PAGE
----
Tag Archives: 1913

Almanac – June 04

1913 – Emily Davison received her fatal injuries.

A militant activist who fought for women’s suffrage in Britain. She was jailed on nine occasions and force-fed 49 times.
She is best known for stepping in front of King George V’s horse Anmer at the Epsom Derby on this date, sustaining injuries that resulted in her death four days later.
Her funeral on 14 June 1913 was organised by the Women’s Social and Political Union (WSPU) and thousands of suffragettes accompanied the coffin and tens of thousands of people lined the streets of London. After a service in Bloomsbury her coffin was taken by train to the family grave in Morpeth, Northumberland.

Some have claimed that she was trying to disturb the Derby in order to draw attention to her cause, rather than to commit suicide, and  analysis of newsreel has supported the idea that Davison was reaching up to attach a scarf to the bridle of the King’s horse.

Analysis of newsreel also indicated that her position before she stepped out onto the track would have given her a clear view of the oncoming race, further countering the belief that she ran out to kill herself.

 

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Herbert Jones, the jockey riding the horse, suffered a mild concussion in the incident, but was “haunted by that poor woman’s face” for much longer.

In 1928, at the funeral of Emmeline Pankhurst, Jones laid a wreath “to do honour to the memory of Mrs Pankhurst and Miss Emily Davison”.

In 1951, his son found him dead in a gas-filled kitchen, having committed suicide.

The horse, Anmer, having gone over, got to his feet and completed the race without his jockey.

 

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Almanac – May 29

1913 – Igor Stravinsky‘s ballet score The Rite of Spring received its premiere performance at the Théâtre des Champs-Élysées , Paris.

The avant-garde nature of the music and choreography caused a sensation and a near-riot in the audience. Stravinsky’s score contains many features that were novel for its time, including experiments in tonality, metre, rhythm, stress and dissonance.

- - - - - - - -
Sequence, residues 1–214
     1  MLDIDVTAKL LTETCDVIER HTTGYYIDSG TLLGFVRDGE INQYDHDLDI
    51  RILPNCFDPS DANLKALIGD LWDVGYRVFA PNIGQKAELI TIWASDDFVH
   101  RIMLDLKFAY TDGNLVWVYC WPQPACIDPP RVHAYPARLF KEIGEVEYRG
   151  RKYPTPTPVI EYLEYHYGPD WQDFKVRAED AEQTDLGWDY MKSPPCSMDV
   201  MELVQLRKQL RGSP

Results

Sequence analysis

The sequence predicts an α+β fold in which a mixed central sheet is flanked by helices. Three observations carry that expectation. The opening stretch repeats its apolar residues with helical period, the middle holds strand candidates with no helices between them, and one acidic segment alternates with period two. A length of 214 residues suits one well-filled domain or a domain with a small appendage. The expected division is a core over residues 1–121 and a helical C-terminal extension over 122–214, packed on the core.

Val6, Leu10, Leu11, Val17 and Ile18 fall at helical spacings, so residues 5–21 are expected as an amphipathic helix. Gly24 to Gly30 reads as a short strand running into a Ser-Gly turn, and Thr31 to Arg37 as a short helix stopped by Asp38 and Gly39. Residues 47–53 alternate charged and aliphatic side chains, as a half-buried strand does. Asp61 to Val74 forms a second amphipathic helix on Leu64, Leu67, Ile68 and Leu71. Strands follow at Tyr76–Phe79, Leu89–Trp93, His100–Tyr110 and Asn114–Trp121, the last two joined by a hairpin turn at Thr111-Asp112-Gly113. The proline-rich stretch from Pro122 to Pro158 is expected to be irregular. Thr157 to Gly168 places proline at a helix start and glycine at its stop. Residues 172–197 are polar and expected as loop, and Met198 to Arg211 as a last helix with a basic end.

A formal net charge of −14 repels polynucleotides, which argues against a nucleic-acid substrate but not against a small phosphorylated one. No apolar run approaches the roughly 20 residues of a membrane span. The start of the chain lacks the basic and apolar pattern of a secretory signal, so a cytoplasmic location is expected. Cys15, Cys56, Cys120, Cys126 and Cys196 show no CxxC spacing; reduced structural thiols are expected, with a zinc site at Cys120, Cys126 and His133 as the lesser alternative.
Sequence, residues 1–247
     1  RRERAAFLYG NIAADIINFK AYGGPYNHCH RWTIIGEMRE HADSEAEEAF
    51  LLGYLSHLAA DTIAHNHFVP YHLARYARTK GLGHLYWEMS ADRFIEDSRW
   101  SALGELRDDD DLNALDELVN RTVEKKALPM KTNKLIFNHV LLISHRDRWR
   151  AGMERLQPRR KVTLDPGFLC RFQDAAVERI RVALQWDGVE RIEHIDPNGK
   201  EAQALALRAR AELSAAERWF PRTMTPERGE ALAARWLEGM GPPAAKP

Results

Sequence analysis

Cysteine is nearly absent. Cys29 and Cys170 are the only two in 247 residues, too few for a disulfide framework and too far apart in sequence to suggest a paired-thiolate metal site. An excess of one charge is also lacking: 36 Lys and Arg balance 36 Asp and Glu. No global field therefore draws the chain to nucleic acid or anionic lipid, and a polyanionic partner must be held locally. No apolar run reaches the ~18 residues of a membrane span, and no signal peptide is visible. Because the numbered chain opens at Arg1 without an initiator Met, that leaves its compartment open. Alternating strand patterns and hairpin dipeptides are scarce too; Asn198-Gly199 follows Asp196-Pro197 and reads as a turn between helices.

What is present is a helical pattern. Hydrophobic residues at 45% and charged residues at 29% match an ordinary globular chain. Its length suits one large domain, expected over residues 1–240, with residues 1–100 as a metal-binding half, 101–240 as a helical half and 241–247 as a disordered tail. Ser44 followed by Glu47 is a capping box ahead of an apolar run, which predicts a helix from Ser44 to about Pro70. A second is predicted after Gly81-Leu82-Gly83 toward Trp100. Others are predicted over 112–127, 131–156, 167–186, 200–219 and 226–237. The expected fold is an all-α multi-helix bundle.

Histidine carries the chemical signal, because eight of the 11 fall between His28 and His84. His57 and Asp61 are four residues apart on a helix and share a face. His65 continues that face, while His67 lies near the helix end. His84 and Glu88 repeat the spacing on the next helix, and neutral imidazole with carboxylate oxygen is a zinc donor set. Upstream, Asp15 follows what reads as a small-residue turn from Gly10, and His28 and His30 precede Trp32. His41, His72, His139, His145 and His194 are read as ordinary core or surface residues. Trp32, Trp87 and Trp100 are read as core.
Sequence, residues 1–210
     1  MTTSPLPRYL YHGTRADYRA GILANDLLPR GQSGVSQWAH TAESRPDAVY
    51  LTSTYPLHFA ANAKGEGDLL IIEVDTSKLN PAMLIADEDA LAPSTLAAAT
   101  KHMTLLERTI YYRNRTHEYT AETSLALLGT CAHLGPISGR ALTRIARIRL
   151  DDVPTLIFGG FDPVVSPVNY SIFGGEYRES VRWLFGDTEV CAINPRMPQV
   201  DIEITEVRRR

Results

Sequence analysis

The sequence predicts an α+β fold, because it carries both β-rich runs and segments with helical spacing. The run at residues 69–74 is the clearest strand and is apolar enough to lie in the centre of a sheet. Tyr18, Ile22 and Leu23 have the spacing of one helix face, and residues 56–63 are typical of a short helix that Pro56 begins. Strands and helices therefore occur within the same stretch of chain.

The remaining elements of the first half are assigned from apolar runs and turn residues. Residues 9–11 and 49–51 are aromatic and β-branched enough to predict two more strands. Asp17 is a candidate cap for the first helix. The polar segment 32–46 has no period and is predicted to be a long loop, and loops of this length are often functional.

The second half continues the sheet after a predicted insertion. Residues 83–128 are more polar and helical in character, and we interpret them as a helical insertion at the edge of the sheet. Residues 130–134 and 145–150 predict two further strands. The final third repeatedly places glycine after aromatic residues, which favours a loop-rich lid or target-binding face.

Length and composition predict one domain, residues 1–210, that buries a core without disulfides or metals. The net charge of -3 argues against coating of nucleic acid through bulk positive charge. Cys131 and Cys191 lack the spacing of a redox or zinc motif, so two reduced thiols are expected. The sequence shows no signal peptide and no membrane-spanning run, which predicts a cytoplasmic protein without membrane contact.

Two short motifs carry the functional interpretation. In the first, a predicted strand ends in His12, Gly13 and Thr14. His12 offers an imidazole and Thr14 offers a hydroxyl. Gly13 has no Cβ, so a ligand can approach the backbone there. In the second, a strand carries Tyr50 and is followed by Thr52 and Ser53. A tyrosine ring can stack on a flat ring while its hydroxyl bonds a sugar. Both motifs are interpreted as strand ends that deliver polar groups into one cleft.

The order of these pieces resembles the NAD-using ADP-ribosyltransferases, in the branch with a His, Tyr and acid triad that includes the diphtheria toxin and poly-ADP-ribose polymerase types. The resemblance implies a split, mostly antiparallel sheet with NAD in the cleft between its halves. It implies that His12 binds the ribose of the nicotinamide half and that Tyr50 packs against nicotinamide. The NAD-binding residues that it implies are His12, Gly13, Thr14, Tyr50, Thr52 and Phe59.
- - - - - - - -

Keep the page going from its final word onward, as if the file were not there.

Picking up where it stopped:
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1979 – Mary Pickford died.  Canadian motion picture actress, co-founder of the film studio United Artists and one of the original 36 founders of the Academy of Motion Picture Arts and Sciences,  she was one of the Canadian pioneers in early Hollywood and a significant figure in the development of film acting.

Because her international fame was triggered by moving images, she is a watershed figure in the history of modern celebrity and, as one of silent film’s most important performers and producers, her contract demands were central to shaping the Hollywood industry.

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Almanac – May 18

1048 – Omar Khayyám born.  Persian polymath, philosopher, mathematician, astronomer and poet. He also wrote treatises on mechanics, geography, mineralogy, music, and Islamic theology.

Outside Iran and Persian speaking countries, Khayyám has had an impact on literature and societies through the translation of his works and popularization by other scholars.

The greatest such impact was in English-speaking countries; the English scholar Thomas Hyde (1636–1703) was the first non-Persian to study him.

The most influential of all was Edward FitzGerald (1809–83), who made Khayyám the most famous poet of the East in the West through his celebrated translation and adaptations of Khayyám’s rather small number of quatrains (Persian: رباعیات‎ rubāʿiyāt) in the Rubaiyat of Omar Khayyam.

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1911 – Big Joe Turner born. American “blues shouter” (a blues-music singer capable of singing unamplified with a band) .

According to the songwriter Doc Pomus, “Rock and roll would have never happened without him.”

Although he had his greatest fame during the 1950s with his rock and roll recordings, particularly “Shake, Rattle and Roll”, Turner’s career as a performer endured from the 1920s into the 1980s.

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1913 – Charles Trenet born.  French singer and songwriter, most famous for his recordings from the late 1930s until the mid-1950s, though his career continued through the 1990s.